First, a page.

During the Chilean dictatorship of Augusto Pinochet, women victims of repression used burlap artwork, called Arpilleras, to denounce human rights violations and to protest the killings and kidnappings of their husbands and sons by government forces. Now, that same technique is being used in Toronto to heal the damage of domestic violence, a silent problem that, according to the Canadian Women’s Foundation, kills one woman every six days in Canada.
The most recent figures from Statistics Canada show there were nearly 100,000 victims of intimate partner violence in 2018, representing close to one-third of all violent crimes reported to police nation-wide.
One of those victims is Monserrat, an immigrant from Chile, who was brutalized by her husband. [New Canadian Media is not identifying domestic violence survivors by their full names for safety reasons.]“My husband’s abuse began when we were dating but I didn’t give it much importance.” Monserrat says the violence continued after their marriage. She suffered through psychological, physical and sexual abuse. Her husband controlled her financially as well, but Monserrat tolerated the abuse for the sake of her sons.
“I didn’t do anything because my two children were kids, I was afraid and I didn’t feel strong,” recalls Monserrat.
Three decades later Monserrat found the strength to call police. Her husband was arrested. In 2018, she and her husband were referred to Counterpoint, an agency that helps victims of domestic violence.
Her husband was put in a counseling program for abusive men, while Monserrat was placed in a women’s support program that used Arpilleras art therapy. Every year, 10 women are accepted into the Arpilleras program and learn to use their creativity to understand the dynamics of violence in their lives.
Much More than a Sewing Workshop
Forty years ago, Chilean women stitched together burlap scraps to depict the stories behind their missing sons or husbands. Now, through Counterpoint, Canadian women use Arpilleras to tell their personal stories of domestic violence.
“At the end of the sessions each woman has produced individual Arpillera pieces that talk about their own stories of abuse, struggle, resilience, and vision,” says Blanca Alvarado, a facilitator who guides the women through the creative process.
In 2014, Counterpoint introduced Arpilleras therapy. Since then more than 50 women, most of them immigrants, have graduated from the program.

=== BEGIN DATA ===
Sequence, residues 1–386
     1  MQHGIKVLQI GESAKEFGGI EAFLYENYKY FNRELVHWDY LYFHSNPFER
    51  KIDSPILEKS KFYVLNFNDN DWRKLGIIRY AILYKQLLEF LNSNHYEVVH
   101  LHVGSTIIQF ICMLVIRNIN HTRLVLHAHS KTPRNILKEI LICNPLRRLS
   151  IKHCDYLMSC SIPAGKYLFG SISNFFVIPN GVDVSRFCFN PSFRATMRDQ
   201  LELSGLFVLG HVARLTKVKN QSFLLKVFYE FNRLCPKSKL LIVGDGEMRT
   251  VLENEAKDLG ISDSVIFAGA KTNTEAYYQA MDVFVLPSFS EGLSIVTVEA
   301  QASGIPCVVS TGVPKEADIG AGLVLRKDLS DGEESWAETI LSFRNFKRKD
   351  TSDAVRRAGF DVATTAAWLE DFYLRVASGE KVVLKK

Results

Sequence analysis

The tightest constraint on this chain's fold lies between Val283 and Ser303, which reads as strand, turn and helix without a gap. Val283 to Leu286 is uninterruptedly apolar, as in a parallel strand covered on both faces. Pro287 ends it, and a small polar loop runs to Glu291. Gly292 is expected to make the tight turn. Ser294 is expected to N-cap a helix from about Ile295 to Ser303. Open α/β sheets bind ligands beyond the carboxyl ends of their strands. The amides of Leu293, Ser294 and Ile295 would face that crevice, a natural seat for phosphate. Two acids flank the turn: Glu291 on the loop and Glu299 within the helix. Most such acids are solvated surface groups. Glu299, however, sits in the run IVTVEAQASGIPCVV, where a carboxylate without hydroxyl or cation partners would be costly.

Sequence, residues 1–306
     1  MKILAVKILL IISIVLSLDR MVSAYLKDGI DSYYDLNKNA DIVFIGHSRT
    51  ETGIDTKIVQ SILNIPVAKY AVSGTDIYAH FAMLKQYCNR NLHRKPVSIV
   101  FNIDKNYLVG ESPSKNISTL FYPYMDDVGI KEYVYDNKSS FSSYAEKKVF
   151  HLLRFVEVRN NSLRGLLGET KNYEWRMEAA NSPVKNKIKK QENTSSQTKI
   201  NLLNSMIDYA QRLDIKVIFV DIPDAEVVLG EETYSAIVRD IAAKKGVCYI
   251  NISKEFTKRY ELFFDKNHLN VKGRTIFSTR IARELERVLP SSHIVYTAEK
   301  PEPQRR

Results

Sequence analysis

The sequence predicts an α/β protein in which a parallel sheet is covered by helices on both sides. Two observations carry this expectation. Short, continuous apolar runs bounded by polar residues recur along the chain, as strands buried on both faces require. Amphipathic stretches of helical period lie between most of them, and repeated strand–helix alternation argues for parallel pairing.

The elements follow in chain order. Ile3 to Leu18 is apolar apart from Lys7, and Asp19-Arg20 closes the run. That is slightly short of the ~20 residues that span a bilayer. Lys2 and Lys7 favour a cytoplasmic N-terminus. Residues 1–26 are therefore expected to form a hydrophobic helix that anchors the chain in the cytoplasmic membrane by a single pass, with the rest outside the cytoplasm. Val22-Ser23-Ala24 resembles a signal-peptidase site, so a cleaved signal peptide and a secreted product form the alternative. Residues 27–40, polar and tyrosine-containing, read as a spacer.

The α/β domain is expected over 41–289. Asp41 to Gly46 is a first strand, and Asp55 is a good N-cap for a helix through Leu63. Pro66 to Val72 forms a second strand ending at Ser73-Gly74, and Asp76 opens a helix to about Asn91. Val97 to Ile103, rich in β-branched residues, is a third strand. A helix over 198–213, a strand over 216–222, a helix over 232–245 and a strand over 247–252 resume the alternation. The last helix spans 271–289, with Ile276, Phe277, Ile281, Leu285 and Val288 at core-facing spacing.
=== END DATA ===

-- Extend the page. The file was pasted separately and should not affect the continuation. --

“In this program, we contextualize abuse and oppression in a patriarchal society within the social context of being poor,” adds Alvarado.
Ana is also a participant of the Arpilleras group at Counterpoint. As a child, she was sexually abused by her uncle’s friend while growing up in Ecuador.
“My mind and body blocked that bitter experience and for years I did not remember anything,” said Ana. As an adult, Ana left Ecuador, but her past continued to haunt her.
“All my life I had anxiety and depression problems…I became a lonely woman, locked up, scared and always alert,” she reflects.Monserrat and Ana, like thousands of women in Canada, are victims of intimate partner violence or childhood abuse who live trapped in a circle of violence where there is intimidation, physical and psychological abuse, isolation and manipulation.
Using 2018 statistics, the Canadian Women’s Foundation reports that each night more than 6,500 women are sleeping in shelters after fleeing violent partners.
Through the Arpilleras group, Monserrat gathered strength from meeting other women who had survived abuse. Her life is reflected in her patchwork quilt showing the tree of life, symbolizing a positive future where there is love, strength, independence.
“I lived in a bubble for 31 years, I was dominated and only existed for household chores, but now I have discovered myself and I am beginning to live my life,” Monserrat said with a smile.
For Ana, the Arpilleras group helped make her whole again.
“The experience was very healing because through art we could tell our story. So far it is hard for me to talk about sexual abuse but I feel stronger.”
Ana’s burlap quilt combines two different stories. On one side there is a girl screaming inside a box while her parents try to close it, to silence her. On the other side, a group of girls are swimming with their hands together floating in the water.
“My artwork represents my past and my future. I’m already in that future thanks to Counterpoint´s help. I realized that I was not alone. Through art, we could tell our story.”
This story has been produced under NCM’s mentoring program. Mentor: Angela Misri
Isabel Inclan has worked as a journalist for more than 20 years, in both Mexico and Canada. She began working as a foreign correspondent in Canada in 1999, first for El Financiero, a Mexican newspaper, and more recently at Notimex, a Mexican news agency. She has been an NCM contributor since 2018, her main areas of interest being politics, community, immigrant women, and cultural issues. In 2015, Isabel was honoured as one of the “10 most influential Hispanic Canadians.” She is a master´s candidate at Ryerson-York universities.